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March 5 at 6:00 PM
Former Poet Laureate Rita Dove has said that “poetry is language at its most distilled and most powerful.” Yet many readers still struggle to understand the meanings of poems. In his Word Works lecture, Pulitzer Prize-winning poet Jericho Brown will dive into what’s going on when we read a poem and think, “That doesn’t make sense.” Looking at examples of sense and nonsense in his and others’ work, Brown will explore the different techniques poets use to balance meaning and mystery.
After the talk, Brown will be interviewed by Anastacia-Reneé.
All Word Works events this season will take place online. Tickets cost $15 general admission, $12 for members. We also have a $5 option for students or anyone who is financially disadvantaged. Tickets can be purchased at the bottom of the page.
This event will take place via CrowdCast, Pacific Time.
For tickets to all six Word Works events, purchase a series pass here.
Jericho Brown is the recipient of a Whiting Writers’ Award and fellowships from the John Simon Guggenheim Foundation, the Radcliffe Institute for Advanced Study at Harvard University, and the National Endowment for the Arts. Brown’s first book, Please (2008), won the American Book Award. His second book, The New Testament (2014), won the Anisfield-Wolf Book Award. He is also the author of the collection The Tradition (2019), a finalist for the 2019 National Book Award and the winner of the 2020 Pulitzer Prize for Poetry. He is the Charles Howard Candler Professor of Creative Writing and the director of the creative writing program at Emory University in Atlanta.
A poem is a gesture toward home.
It makes dark demands I call my own.
Memory makes demands darker than my own:
My last love drove a burgundy car.
My first love drove a burgundy car.
He was fast and awful, tall as my father.
Steadfast and awful, my tall father
Hit hard as a hailstorm. He’d leave marks.
Light rain hits easy but leaves its own mark
Like the sound of a mother weeping again.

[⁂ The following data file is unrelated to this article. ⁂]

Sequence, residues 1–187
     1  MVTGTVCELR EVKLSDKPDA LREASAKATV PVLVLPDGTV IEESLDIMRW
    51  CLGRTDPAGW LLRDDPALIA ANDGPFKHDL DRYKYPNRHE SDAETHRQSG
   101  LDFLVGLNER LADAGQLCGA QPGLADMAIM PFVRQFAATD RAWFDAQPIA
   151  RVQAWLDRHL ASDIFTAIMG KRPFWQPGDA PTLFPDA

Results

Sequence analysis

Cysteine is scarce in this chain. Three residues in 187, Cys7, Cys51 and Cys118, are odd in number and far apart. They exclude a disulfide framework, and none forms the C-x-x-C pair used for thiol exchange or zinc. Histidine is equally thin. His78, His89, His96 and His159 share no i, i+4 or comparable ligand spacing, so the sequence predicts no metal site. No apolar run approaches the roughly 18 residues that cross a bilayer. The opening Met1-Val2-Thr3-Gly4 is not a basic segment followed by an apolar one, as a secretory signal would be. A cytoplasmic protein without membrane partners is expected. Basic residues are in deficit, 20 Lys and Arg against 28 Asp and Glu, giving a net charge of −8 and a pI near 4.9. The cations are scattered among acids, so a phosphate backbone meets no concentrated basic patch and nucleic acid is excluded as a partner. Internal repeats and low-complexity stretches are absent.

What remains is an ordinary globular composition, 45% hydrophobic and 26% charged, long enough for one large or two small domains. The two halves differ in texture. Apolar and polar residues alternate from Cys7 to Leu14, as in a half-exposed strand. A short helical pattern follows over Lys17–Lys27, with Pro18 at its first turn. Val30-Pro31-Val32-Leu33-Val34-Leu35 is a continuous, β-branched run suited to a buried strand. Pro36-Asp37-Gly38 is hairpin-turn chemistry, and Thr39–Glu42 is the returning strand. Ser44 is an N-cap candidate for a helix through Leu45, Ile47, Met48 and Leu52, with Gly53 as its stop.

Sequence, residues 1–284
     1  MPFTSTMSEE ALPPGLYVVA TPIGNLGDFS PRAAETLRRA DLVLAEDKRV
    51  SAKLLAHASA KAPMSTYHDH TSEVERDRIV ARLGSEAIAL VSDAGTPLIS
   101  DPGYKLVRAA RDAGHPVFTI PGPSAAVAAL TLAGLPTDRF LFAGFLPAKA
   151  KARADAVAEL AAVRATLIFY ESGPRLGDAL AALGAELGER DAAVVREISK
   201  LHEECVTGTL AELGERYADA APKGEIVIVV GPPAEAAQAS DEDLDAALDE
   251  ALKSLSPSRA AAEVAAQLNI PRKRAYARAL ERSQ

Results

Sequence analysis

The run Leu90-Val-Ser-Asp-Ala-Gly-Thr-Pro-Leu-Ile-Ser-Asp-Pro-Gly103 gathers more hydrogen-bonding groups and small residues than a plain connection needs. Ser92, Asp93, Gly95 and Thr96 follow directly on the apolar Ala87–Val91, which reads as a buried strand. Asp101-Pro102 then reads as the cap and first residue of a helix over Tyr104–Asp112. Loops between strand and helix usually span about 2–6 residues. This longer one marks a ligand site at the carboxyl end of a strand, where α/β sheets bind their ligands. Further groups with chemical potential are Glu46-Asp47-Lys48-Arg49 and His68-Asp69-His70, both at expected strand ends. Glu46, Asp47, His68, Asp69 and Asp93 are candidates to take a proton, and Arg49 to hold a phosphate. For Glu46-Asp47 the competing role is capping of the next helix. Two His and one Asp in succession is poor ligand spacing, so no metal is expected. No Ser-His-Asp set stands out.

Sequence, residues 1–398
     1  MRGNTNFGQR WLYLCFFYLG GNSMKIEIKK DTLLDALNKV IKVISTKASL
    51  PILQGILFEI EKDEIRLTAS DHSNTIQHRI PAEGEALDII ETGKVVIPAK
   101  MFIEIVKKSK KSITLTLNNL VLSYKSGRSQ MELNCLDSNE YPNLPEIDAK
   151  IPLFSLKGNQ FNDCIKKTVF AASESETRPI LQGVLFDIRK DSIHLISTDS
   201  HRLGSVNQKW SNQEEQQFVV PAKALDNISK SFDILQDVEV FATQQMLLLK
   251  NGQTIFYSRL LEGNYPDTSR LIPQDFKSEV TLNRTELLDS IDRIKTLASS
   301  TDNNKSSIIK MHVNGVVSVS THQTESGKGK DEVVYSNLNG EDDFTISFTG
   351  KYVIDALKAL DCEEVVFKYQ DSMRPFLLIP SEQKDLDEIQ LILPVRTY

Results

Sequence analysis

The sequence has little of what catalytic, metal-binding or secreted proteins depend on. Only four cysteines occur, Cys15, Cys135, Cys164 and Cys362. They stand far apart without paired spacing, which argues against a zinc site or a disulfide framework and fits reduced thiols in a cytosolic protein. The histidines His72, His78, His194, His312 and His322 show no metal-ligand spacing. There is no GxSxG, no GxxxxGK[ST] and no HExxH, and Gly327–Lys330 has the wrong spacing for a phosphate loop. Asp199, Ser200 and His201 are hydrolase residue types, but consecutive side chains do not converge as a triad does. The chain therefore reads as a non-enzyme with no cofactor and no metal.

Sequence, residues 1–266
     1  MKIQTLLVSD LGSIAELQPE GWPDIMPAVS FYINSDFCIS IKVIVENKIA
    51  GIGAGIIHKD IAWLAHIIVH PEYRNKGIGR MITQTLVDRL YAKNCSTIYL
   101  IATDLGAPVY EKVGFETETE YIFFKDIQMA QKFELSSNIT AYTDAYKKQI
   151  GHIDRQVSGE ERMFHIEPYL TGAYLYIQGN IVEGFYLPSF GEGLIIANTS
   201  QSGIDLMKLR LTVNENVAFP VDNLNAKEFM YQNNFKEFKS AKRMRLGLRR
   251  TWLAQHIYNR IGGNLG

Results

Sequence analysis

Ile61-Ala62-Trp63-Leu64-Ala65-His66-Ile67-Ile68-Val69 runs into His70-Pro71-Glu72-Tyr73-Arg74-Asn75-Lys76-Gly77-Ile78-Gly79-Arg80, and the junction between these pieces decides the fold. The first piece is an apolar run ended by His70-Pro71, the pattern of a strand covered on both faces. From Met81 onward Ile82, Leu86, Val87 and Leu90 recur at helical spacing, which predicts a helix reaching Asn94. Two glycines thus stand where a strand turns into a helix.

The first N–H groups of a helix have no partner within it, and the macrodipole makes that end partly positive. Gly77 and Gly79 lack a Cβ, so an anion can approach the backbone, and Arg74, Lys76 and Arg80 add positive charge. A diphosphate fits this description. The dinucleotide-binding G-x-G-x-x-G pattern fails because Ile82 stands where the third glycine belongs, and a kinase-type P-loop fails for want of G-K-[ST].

Like the sound of my mother weeping again,
No sound beating ends where it began.
None of the beaten end up how we began.
A poem is a gesture toward home.
Anastacia-Reneé is a multi-genre writer, educator, and interdisciplinary artist. She is the recipient of the 2018 James W. Ray Distinguished Artist Award for Washington artists (Artist Trust), and has served as the 2017-2019 Seattle Civic Poet and the 2015-2017 poet-in-residence at Hugo House. Anastacia-Renée is a two-time Pushcart nominee and 2017 Artist of Year (Seattle). She is the author of five books: Forget It (Black Radish Books), (v.) (Black Ocean) 26 (Dancing Girl Press), Kiss Me Doll Face (Gramma Press), and Answer(Me) (Winged City Chapbooks, Argus Press) and has received writing fellowships and residencies from Cave Canem, Hedgebrook, VONA, Artist Trust, Jack Straw, Ragdale, Whiteley, Mineral School, and Hypatia in the Woods. She teaches poetry and multi-genre workshops at Hugo House, libraries, universities, and high schools.
Word Works craft talks by novelists, essayists, poets, and memoirists focus on writing as process rather than finished product, examining how language works to inspire and provoke new ideas through live close readings of the writer’s own or others’ work. These talks are designed to apply to writers of all genres as well as illuminate well-known works for avid readers. The talks are followed by an interview with a noted editor, writer, or critic.